Myth # 1: Falling happens to other people, not to me.
Reality: Many people think, "It won't happen to me." But the truth is 1 and 4 older adults fall every year in the US
Myth #2: Falling is something normal and happens as you get older.
Reality: Falling is not a part of aging. Strength and balance exercises, managing your medications, having your vision checked and making your living environment safer are all steps you can take to prevent a fall.
Myth#3: If I limited my activity, I will fall..
Reality: Some people believe that the best way to prevent falls is to stay at home and limit activity. Not true. Performing physical activities will actually help your stay independent, as your strength and range of motion benefit from remaining active. Social activities are also good for your overall health.
Myth# 4: As long as I stay home, I can avoid falling..
Reality: Over half of all falls take place at home. Inspect your home for fall risks. Fix simple but serious hazards such as clutter, throw rugs, and poor lighting. Make simple home modifications, such as adding grab bars in the bathroom, a second handrail on stairs, and nonslip paint on outdoor steps.
Myth # 5: Muscle strength and flexibility can't be regained.
Reality: While we do lose muscles as we age, exercise can partially restore strength and flexibility. It's never too late to start an exercise program. If you've been of "couch potato" your whole life, becoming active now will benefit in many ways–including protection from falls.
Myth # 6: Taking medication doesn't increase my risk of falling.
Reality. Taking any medication increased to risk of falling. Medications affect people in many different ways and can sometimes make you dizzy or sleepy. He careful in starting a new medication. Dr. health care provider about potential side effects or interventions of her medications.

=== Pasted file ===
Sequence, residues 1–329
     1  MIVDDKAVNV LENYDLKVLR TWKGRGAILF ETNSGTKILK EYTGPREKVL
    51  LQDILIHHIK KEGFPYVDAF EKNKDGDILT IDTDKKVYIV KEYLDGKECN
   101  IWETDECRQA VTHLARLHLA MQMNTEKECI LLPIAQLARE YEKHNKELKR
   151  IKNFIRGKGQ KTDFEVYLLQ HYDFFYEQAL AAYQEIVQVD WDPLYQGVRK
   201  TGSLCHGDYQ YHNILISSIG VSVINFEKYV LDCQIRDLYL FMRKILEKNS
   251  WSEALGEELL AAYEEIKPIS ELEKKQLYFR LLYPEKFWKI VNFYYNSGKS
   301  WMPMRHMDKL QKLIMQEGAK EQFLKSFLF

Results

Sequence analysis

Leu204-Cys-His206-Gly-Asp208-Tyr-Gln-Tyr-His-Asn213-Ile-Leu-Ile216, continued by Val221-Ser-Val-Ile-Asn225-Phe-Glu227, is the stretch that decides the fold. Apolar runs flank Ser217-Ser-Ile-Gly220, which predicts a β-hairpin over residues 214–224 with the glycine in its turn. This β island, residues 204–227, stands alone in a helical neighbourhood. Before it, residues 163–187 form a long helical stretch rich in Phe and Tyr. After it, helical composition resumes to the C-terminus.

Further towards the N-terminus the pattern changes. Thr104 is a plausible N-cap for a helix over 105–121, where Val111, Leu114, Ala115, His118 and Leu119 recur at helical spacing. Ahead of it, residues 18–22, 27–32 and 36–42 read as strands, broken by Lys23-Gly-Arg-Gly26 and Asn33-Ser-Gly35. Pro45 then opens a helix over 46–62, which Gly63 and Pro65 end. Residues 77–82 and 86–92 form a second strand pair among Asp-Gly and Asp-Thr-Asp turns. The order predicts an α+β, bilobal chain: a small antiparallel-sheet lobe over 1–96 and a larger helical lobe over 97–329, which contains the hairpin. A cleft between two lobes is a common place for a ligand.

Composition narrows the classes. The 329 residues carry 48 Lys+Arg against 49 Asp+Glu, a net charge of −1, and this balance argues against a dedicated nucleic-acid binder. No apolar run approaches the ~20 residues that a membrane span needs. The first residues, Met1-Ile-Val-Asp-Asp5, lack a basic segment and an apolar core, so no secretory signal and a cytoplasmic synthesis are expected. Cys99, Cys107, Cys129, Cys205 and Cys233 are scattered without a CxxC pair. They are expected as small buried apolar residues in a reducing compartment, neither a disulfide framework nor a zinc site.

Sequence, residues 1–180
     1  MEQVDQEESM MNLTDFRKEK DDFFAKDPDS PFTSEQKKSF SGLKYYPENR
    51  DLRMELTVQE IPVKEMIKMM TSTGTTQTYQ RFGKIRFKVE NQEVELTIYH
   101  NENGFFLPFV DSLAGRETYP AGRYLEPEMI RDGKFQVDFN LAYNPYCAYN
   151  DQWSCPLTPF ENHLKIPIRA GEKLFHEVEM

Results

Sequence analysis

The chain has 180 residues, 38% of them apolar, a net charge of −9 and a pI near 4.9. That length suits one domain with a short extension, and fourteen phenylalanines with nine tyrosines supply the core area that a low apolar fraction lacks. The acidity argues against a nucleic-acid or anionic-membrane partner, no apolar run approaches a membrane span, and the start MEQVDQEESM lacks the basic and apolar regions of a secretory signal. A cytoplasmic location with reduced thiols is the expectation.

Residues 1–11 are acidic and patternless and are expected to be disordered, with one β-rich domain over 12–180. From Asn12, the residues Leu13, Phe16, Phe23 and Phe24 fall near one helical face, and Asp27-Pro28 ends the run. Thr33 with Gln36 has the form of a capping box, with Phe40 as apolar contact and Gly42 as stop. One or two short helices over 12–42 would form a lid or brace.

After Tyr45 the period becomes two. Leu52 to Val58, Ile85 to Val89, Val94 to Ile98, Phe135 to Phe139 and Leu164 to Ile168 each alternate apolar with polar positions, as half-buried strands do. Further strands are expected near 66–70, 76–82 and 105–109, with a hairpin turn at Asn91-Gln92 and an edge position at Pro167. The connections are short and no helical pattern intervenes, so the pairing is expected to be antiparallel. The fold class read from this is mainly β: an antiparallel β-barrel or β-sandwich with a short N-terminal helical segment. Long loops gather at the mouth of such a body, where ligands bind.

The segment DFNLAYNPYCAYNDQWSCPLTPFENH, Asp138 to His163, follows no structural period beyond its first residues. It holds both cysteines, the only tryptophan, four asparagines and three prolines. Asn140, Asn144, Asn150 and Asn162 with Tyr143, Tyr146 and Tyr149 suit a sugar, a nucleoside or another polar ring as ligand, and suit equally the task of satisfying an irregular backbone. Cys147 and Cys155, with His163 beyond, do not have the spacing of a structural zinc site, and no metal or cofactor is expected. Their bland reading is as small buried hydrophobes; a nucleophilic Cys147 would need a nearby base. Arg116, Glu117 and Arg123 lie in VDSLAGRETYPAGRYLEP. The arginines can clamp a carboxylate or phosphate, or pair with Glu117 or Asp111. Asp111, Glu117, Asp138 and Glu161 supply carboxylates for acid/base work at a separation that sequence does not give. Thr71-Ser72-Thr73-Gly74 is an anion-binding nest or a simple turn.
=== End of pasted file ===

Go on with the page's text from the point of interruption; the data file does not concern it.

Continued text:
Myth# 7: I don't need to get my vision checked every year.
Reality: Vision is not acute risk factor for falls. Aging is associated with some forms of visual loss that increased risk of falling's injury. He reports vision problems are more than twice as likely to fall as those without vision impairments. Checked at least once per year and update your eyeglasses. For those with low vision there are programs and assistive devices that can help. Ask an optometrist for referral.
Myth# 8: Using a walker or cane will make me more dependent.
Reality: Walking aids are very important in helping many older adults maintain or improve their mobility. However, make sure that you use these devices safely. Your physical therapist fit the walker or cane to you and instruct you in its safe use
Myth #9: I don't need to talk to family members or my health care provider if I'm concerned about my risk of falling. I don't want to alarm them, and I want to keep my independence.
Reality: Fall prevention is a team effort. Bring up with your doctor, family, and anyone else who is in a position to help. They want to help you maintain your mobility and reduce your risk of falling.
Myth #10: I don't need to talk to my parent, spouse, or other older adult if I'm concerned about the risk of falling. It will hurt their feelings, and its none of my business.
Reality: Let them know about your concerns and offer support to help them maintain the highest degree of independence possible. There are many things you can do, including removing hazards in the home, finding a fall prevention program in the community, setting up a vision examination or consulting with Core Matrix Physical Therapy.
We help people who experience dizziness, nausea and fearful of falling in Western New York reclaim their independence so that they can attend their favorite Yoga class, take leisurely walks without “feeling funny” and get out of bed safely without the room spinning.
Vestibular, Balance and Neck Specialist